From: Edward Thomas
Much of the reporting spotlight is currently placed on the precarious situation regarding local library services.
Apart from possible closures, what is also noticeable is the staff reduction in the town’s Central Library.
Last week I arrived at the second floor reference section to find a sign by the desk informing visitors that no one was available and that if help was needed, one would have to go the ground floor.
I did have occasion to seek help and found on the ground floor one single member of staff having to deal with all enquiries from the centre’s various areas.
Time was when there were always at least two or three assistants in the main area alone and a permanent member of staff in the reference section.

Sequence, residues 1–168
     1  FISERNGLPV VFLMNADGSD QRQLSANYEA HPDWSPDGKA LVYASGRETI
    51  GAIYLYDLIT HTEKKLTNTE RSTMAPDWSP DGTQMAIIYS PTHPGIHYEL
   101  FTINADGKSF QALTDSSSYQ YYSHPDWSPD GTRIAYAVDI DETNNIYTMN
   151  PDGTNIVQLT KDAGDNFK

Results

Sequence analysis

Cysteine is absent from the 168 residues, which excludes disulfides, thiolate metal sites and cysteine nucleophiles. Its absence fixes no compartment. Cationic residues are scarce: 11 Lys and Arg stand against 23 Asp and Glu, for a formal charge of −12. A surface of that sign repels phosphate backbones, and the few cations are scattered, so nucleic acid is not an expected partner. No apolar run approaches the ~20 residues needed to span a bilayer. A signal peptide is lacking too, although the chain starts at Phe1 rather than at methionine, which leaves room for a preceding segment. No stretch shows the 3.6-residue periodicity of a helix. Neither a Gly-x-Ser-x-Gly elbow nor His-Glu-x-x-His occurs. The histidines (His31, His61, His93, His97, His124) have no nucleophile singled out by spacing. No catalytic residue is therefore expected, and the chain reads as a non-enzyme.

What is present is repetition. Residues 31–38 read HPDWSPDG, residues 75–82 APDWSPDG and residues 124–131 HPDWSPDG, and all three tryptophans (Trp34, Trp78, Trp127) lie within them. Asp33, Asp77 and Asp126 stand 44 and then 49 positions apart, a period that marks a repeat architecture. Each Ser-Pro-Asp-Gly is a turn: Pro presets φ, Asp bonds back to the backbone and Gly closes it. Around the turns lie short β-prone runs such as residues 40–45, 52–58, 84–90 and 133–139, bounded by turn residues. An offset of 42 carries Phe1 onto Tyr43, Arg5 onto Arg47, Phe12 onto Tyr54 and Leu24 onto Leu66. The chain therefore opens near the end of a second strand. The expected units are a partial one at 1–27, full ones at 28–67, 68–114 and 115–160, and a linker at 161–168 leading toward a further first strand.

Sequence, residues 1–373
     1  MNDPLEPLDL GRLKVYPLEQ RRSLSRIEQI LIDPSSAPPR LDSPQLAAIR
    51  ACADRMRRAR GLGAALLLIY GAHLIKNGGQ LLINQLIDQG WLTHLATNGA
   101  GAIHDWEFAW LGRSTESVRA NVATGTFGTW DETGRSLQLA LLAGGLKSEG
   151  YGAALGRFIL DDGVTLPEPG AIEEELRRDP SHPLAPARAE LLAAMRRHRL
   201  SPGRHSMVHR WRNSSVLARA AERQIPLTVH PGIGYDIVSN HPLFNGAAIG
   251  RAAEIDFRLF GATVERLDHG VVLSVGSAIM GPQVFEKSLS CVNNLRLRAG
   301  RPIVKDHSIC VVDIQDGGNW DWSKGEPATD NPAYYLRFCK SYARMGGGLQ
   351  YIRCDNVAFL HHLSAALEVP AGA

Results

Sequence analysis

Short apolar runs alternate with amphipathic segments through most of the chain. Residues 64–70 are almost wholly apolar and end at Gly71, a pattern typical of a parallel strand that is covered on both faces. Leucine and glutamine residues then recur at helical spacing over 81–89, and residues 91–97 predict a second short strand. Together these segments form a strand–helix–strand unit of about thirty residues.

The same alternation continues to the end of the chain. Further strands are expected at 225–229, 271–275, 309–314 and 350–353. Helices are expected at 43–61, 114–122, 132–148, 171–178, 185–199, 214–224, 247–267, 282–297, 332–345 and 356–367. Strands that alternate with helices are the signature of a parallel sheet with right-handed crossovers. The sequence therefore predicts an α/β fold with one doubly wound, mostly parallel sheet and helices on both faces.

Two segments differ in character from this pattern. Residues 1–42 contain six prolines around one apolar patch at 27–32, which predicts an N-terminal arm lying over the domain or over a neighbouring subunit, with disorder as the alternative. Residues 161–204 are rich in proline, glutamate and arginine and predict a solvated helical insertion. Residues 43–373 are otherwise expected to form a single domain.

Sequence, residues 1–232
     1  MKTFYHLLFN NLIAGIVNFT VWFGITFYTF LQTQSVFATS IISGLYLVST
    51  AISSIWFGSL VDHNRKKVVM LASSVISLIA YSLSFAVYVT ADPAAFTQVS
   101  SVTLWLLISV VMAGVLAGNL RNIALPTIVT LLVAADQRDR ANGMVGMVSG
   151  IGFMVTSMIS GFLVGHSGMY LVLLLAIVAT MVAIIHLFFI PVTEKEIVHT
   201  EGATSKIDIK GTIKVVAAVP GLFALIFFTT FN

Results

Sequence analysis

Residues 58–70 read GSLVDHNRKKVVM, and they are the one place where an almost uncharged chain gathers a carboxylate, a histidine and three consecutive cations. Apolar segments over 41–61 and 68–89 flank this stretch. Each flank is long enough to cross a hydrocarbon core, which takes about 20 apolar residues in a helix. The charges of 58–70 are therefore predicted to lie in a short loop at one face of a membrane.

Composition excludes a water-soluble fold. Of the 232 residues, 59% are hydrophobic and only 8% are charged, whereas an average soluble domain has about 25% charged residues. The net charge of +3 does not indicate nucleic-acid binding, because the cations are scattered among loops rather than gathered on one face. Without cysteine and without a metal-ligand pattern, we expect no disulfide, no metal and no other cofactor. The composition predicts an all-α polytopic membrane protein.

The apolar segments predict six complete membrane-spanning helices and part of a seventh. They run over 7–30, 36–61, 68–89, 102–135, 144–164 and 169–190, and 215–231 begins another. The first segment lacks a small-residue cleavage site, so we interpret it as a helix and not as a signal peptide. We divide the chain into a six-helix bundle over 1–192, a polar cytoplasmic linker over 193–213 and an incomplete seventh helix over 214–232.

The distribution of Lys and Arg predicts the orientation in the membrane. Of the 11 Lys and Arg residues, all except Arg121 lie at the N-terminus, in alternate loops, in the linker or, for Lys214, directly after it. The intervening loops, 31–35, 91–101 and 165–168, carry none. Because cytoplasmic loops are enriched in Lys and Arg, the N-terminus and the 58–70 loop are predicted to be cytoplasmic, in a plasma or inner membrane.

Yet there were other clear changes, emanating from the customer side.
The reference section once needed to keep a diary of those wanting to use the microfilm machines, for which there was sometimes a queue.
By contrast I was able to breeze in last week to a largely empty room, bereft of the many computer users that used to be present, and go to any machine I wanted, except that two of them were out of action.
Not all that long ago it was a thriving area where one could regularly find such research stalwarts as Professor John Pick and Lionel Jones beavering away over hot machines!
It would seem that those days are over. Research appears to be transferring increasingly to the confines of the home PC.
Library services are therefore changing from both customer and provider points of view.
But in the ever-steady march of technology, the losers, as ever, are those who have no access to or interest in modern techniques yet have to be enslaved by them.
Is there no accommodation to be considered any longer for those, diminishing in number perhaps, who want no more than to go into a library and borrow a couple of books or who wish to browse through reference material for some information?